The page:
Ranchers arrived in northern Dakota Territory a little later than farmers. This was due in part to the later development of railroad access in the western part of the state and in part due to the continuing effort of the Lakota to defend their hunting area, treaty lands, and way of life. The Battle of the Little Big Horn in 1876 secured peace in the northern plains for European American settlers. The Northern Pacific Railroad reached the Little Missouri River in the fall of 1880. The Great Northern Railroad reached Williston in the early 1890s. Rails carried horses, beef, and other ranch products to eastern urban markets.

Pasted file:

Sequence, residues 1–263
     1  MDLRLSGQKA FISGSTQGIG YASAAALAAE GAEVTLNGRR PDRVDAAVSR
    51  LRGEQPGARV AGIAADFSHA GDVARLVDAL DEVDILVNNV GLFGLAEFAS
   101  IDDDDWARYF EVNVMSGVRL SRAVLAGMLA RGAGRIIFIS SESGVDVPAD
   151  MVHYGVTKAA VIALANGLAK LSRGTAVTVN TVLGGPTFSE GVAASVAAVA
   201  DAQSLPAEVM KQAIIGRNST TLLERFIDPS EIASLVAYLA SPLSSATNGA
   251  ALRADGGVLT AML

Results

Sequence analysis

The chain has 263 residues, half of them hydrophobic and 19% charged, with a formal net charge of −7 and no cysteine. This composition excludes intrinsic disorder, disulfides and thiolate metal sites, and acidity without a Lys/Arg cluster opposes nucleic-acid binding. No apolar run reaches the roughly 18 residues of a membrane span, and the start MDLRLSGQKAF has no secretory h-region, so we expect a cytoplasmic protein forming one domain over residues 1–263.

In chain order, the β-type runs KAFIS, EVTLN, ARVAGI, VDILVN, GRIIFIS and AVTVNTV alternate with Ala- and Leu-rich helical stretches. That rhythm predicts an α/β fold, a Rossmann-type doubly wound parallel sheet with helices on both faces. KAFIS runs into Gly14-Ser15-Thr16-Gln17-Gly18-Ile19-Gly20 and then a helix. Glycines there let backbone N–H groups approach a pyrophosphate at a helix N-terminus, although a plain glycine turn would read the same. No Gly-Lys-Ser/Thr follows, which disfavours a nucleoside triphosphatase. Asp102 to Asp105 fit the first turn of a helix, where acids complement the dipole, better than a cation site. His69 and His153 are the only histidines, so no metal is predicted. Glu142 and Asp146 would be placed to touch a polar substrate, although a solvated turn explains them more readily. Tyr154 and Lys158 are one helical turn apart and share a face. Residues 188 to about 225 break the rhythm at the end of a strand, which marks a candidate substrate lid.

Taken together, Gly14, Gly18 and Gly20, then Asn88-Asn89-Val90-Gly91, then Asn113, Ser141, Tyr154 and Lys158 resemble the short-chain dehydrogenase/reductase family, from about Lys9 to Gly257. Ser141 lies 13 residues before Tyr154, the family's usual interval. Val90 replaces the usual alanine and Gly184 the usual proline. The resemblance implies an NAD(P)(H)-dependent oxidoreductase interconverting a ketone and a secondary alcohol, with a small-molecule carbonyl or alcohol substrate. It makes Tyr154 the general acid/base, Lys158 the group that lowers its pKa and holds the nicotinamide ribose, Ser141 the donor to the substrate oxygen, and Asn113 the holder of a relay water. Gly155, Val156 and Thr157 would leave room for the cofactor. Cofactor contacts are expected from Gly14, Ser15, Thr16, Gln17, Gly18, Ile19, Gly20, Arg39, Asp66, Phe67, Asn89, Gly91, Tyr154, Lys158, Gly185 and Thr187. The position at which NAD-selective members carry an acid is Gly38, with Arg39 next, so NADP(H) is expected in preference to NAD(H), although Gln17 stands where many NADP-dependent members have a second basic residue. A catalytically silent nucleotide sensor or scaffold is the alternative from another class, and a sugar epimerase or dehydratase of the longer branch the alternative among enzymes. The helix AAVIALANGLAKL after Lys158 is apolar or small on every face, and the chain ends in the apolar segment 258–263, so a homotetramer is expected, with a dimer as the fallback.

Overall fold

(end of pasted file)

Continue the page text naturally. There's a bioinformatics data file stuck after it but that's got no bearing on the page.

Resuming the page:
Among early badlands ranchers were future U.S. President Theodore Roosevelt (1858 – 1919) and the Marquis de Morès (Antoine Amédée Marie Vincent Manca de Vallombrosa, 1858-1896) who bought cattle trailed up from Texas and turned them out on the open range. Both lost most of their herds during the very bad winter of 1886-1887, and the Marquis’ poor business practices led to the closing of his beef slaughtering plant at Medora. Other ranchers, however, stayed in business because they managed their herds and crops with an eye to Dakota’s irregular weather, and erratic national markets.
612 East Boulevard Ave.
Bismarck, North Dakota 58505
Museum Store: 8am - 5pm M-F; Sat. & Sun. 10am - 5pm.
State Archives: 8am - 4:30pm., M-F, except state holidays, and 2nd Sat. of each month, 10am - 4:30 pm.
State Historical Society offices: 8am - 5pm M-F, except state holidays.
phone: (701) 328-2666
fax: (701) 328-3710